The Marijuana Debate

It is now legal to smoke marijuana in Georgia since a court ruling on July 30.

This decision has been met with controversy throughout the country, though it has become apparent that the vast majority of those speaking out are ill-informed about the drug, being unsure exactly what marijuana is, how it works and what the short- and long-term effects are of using it. It is also necessary to emphasize the responsibility that comes with marijuana use, just as we do with the use of alcohol: you don’t go to work drunk, so why would you go to work high? The use of any substance, be it for medicinal or recreational use, should be looked at from a responsible point of view.

How do the people feel about drugs in Georgia?

A survey conducted by the Caucasus Research Resource Center in May 2018 surveyed the attitudes on drug-related issues, finding that 72% of all respondents said there should be no punishment for using light drugs such as marijuana. 50% of all respondents said they felt the same way about club drugs such as ecstasy, while 43% of all respondents thought intravenous drug users should not be imprisoned.

Comparing these statistics to the use of alcohol, Georgia is ranked 67th among 200 countries worldwide in the consumption of alcohol. Statistically, the average Georgian consumed 7.7 liters of alcohol (calculated by amount of pure alcohol, not beverage) last year, which includes men and women above the age of 15. The health impact on the body from alcohol is enormous, arguably more so than that of marijuana, yet its use has been legal for years. Looking at the average household, it is the responsibility of any parent, grandparent or legal guardian to teach a child that alcohol is only to be consumed in a responsible manner. With marijuana now being legal, the responsibility of teaching again falls on the parent.

It’s not just a battle of health and safety: business in Georgia can be effected in a positive way as well, as indicated by an analysis done of the US states of Colorado and Georgia. Legalization campaigner Zurab Japaridze said that it can produce a 7% - 8% annual growth for the economy.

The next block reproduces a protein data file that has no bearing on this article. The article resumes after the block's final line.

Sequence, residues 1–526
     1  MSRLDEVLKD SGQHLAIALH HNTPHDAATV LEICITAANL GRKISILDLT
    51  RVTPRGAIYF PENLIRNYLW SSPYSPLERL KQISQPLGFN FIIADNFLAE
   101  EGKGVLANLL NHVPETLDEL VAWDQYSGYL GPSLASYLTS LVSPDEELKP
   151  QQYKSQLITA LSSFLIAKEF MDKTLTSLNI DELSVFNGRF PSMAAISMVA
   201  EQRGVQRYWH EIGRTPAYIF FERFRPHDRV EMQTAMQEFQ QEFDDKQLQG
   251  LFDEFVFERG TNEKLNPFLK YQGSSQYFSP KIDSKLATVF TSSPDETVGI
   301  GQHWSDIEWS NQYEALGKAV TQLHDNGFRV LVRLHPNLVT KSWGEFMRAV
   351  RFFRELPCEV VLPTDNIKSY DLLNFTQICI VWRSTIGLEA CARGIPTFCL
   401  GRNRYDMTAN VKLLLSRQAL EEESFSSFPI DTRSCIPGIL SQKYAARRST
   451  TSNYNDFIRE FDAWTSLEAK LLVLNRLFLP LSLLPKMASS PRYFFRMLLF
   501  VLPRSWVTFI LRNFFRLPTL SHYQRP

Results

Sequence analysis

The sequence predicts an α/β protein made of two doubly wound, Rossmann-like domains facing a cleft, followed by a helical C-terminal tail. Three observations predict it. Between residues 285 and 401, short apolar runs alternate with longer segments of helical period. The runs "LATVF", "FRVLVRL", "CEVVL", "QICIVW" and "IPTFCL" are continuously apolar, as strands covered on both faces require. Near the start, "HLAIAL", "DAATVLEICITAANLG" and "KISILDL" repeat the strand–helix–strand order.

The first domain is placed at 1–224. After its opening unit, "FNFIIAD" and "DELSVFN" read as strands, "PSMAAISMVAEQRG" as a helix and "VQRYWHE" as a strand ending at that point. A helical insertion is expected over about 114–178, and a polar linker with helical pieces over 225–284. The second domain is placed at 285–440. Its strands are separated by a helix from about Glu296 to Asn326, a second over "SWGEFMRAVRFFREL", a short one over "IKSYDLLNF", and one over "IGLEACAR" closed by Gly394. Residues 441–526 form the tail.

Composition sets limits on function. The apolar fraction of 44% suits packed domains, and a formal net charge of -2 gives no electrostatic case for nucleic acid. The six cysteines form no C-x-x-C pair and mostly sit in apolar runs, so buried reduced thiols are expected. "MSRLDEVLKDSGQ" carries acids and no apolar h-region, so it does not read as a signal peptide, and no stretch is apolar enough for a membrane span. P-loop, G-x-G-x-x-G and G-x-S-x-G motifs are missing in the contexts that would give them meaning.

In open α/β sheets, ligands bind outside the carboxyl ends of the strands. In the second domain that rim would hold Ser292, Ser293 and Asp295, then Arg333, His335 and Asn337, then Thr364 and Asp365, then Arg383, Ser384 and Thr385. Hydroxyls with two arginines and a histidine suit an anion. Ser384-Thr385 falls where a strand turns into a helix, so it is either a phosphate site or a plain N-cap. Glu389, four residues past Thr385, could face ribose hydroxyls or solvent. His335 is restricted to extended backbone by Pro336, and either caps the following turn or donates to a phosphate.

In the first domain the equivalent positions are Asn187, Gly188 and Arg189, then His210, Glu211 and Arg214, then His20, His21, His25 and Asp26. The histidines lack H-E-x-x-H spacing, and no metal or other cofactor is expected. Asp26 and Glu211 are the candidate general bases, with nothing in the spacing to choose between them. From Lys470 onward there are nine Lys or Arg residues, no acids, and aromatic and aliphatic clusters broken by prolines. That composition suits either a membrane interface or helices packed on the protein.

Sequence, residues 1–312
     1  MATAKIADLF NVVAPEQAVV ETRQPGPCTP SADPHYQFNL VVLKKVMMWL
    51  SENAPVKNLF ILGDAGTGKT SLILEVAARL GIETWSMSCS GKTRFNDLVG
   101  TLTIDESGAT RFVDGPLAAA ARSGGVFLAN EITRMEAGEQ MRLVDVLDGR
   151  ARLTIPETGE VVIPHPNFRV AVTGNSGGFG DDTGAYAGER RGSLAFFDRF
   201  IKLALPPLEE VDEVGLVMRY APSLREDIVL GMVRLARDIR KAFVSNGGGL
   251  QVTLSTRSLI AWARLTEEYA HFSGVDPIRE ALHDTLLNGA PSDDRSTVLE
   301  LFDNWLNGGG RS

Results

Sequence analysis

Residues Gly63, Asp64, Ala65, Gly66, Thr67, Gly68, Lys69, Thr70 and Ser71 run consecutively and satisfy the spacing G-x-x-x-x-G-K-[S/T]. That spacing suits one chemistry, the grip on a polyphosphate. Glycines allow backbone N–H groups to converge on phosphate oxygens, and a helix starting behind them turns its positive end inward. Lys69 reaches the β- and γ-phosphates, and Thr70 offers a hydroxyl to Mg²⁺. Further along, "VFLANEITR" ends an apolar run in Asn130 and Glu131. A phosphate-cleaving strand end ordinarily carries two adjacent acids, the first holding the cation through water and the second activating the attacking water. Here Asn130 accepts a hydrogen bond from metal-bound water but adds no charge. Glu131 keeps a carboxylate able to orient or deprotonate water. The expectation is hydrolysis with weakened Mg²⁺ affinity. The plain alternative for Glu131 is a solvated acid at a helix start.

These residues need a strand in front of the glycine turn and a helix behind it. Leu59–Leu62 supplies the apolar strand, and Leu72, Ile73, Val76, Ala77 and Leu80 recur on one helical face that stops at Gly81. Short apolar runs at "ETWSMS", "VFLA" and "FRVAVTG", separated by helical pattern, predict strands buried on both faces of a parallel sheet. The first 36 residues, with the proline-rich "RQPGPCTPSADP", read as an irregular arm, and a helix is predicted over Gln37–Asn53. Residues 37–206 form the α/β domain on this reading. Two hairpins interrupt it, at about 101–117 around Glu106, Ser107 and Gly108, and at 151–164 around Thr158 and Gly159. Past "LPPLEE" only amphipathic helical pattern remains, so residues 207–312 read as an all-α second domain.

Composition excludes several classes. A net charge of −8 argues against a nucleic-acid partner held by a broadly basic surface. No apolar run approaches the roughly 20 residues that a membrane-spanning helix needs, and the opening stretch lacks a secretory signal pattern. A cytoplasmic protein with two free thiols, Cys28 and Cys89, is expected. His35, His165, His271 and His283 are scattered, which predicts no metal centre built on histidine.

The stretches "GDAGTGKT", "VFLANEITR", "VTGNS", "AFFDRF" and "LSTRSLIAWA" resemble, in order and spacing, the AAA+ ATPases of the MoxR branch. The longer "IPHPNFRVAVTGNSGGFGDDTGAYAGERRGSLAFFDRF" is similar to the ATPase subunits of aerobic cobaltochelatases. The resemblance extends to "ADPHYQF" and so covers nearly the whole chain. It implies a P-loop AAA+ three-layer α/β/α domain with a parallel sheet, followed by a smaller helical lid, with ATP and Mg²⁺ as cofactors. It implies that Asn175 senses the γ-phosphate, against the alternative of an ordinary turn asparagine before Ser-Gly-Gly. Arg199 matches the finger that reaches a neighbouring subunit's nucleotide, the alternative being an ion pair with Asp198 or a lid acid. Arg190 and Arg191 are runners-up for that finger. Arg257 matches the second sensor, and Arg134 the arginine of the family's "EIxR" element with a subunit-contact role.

What is marijuana, how does it affect your body and where does it come from?

Marijuana has roots as far back as 2737 B.C. where it was referenced in ancient Chinese medicine. By 500 A.D. it had spread from China to India, North Africa, and Europe.

Historically reported medicinal uses included treating rheumatism, gout, and malaria.

Recreational use became popular in India among the Muslim population, leading to the development and popularization of hashish, a concentrated psychoactive resin from the cannabis plant. In 1545, Spanish explorers brought the plant to North America. In 1611, it was introduced in Jamestown and quickly became a staple commercial crop. By 1890, cotton replaced hemp, a variant of marijuana, as the major cash crop and marijuana effectively fell off the market.

In the 1920s in the US, there was a big resurgence in marijuana use. At the time, smoking marijuana was legal and not considered a social threat. Marijuana clubs began popping up in major cities. It was even listed in the United States Pharmacopeia from 1850 until 1942, used to treat a wide variety of ailments, including labor pains, nausea, and rheumatism.